Reading the lead judgment, Justice Abimbola Obaseki-Adejumo held that Justice Nganjiwa’s arraignment by EFCC was not in order. Their Ladyship and Lordships treaded on the path of caution to forestall any risk of misinterpretation, and in ex abundanti cautela, the court added: “no judicial officer is covered by immunity from prosecution under the Constitution as the Constitution only grants the powers to discipline judicial officers for official misconduct to the NJC.”

Clarke (defence) had said: “I am not saying the defendant cannot be charged, but due process of law must be followed. The judge must be disrobed before he can be made to answer to any allegation,” In response, Rotimi Oyedepo SAN (prosecutor) said: “Section 6 of the constitution vested judicial powers on the court of law while Section 35 (1) (c) of the constitution exempts no one from criminal prosecution.”

Some lawyers hailed the “landmark judgment”, saying the intermediate court clipped the tyrannical claws of EFCC, asserted judicial independence and upheld the doctrine of separation of powers. They were united in saying that the power to “discipline a judge” does not rest with EFCC – the power to prosecute a judge rests with EFCC upon the recommendation of NJC.

While the said ruling is akin to judicial activism, I think it is a mockery of judicial independence inflicted by the judiciary on itself. EFCC is not empowered to discipline but to “investigate and prosecute”. NJC is constitutionally authorised to make recommendations that may lead to the prosecution of a judge. If a panel investigates and recommends punishment, what if the recommendation is contrary to other alleged extraneous offences? Even after a court-martial or guardroom trial, the officer is still triable in a court of law on the same or other charges.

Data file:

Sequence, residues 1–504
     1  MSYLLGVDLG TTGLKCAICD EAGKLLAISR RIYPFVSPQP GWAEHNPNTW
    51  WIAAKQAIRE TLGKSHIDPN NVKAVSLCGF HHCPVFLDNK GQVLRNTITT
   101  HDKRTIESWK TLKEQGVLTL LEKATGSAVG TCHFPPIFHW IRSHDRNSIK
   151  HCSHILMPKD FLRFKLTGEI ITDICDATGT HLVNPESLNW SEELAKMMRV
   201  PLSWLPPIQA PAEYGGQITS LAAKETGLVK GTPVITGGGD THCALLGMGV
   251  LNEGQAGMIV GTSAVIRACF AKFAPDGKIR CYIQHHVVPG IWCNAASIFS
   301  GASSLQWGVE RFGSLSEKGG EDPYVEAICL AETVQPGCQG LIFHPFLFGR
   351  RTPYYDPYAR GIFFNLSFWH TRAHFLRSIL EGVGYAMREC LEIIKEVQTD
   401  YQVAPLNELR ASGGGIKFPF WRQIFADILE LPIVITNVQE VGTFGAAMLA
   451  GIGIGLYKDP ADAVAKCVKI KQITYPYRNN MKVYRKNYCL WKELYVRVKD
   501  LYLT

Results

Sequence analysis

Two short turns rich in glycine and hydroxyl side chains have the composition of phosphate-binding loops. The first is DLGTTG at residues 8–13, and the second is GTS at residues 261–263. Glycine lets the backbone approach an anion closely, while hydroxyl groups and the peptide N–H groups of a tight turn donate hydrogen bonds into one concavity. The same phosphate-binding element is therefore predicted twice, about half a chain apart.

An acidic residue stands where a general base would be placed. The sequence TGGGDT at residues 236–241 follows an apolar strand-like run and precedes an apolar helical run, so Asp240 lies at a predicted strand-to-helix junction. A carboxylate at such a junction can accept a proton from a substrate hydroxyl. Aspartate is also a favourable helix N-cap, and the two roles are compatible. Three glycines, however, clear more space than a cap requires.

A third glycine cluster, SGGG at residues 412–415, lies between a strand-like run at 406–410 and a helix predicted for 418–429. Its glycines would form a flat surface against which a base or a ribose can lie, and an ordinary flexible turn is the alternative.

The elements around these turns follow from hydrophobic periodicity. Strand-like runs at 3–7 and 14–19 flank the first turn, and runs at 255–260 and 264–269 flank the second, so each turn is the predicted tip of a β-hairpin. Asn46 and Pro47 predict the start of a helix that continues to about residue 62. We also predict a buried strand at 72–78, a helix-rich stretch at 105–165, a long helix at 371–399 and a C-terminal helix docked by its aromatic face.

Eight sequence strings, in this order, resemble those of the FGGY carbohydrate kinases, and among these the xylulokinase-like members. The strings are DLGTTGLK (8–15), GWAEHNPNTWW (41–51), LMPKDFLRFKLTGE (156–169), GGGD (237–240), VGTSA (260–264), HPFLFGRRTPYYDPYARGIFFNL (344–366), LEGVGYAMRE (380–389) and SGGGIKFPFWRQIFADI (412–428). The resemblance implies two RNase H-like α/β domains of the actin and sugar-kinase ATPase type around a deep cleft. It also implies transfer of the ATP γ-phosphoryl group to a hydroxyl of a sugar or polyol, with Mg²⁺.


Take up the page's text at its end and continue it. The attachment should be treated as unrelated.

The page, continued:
Was the Court of Appeal aware that EFCC had reported judges on trial to NJC which had endorsed their prosecution and placed the judges on suspension pending the conclusion of their trial? Judicial corruption cannot be prosecuted by NJC but by executive agencies like EFCC with prosecuting powers to arraign accused persons before the trier of fact. This is according to the doctrine of separation of powers. The ruling will ignite a disjunction between the executive and judiciary. It has no basis in law, no precedence (stare decisis) in common law and constitutes a breach of the sentry function of checks and balances over separation of powers.

The Appeal Court has set a precedence that may be followed by other professionals who may insist before/after indictments to go through their professional bodies for administrative procedure before prosecution. This is tantamount to hiding under esprit de corps to evade justice. It has legal and political implications for systemic corruption. The judgment appears to have a political rather than a legal undertone as judicial corruption continues to damage the bench. EFCC is enjoined to go to the Supreme Court and seek to overturn this judicial assault on checks and balances.


By: Nnamdi Ebo